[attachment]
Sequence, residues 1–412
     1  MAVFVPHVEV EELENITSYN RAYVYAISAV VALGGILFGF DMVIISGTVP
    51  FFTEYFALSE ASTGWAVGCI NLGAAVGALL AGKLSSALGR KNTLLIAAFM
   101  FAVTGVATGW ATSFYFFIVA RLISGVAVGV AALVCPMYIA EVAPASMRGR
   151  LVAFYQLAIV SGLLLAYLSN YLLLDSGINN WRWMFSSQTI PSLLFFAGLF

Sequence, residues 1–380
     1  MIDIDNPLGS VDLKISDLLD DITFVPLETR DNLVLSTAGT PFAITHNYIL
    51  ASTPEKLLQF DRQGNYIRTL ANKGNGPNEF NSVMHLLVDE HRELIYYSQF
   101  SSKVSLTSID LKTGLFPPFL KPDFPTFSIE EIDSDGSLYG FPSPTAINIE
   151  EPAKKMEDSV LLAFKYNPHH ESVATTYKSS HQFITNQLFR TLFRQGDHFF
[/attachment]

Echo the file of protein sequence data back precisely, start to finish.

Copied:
Sequence, residues 1–412
     1  MAVFVPHVEV EELENITSYN RAYVYAISAV VALGGILFGF DMVIISGTVP
    51  FFTEYFALSE ASTGWAVGCI NLGAAVGALL AGKLSSALGR KNTLLIAAFM
   101  FAVTGVATGW ATSFYFFIVA RLISGVAVGV AALVCPMYIA EVAPASMRGR
   151  LVAFYQLAIV SGLLLAYLSN YLLLDSGINN WRWMFSSQTI PSLLFFAGLF

Sequence, residues 1–380
     1  MIDIDNPLGS VDLKISDLLD DITFVPLETR DNLVLSTAGT PFAITHNYIL
    51  ASTPEKLLQF DRQGNYIRTL ANKGNGPNEF NSVMHLLVDE HRELIYYSQF
   101  SSKVSLTSID LKTGLFPPFL KPDFPTFSIE EIDSDGSLYG FPSPTAINIE
   151  EPAKKMEDSV LLAFKYNPHH ESVATTYKSS HQFITNQLFR TLFRQGDHFF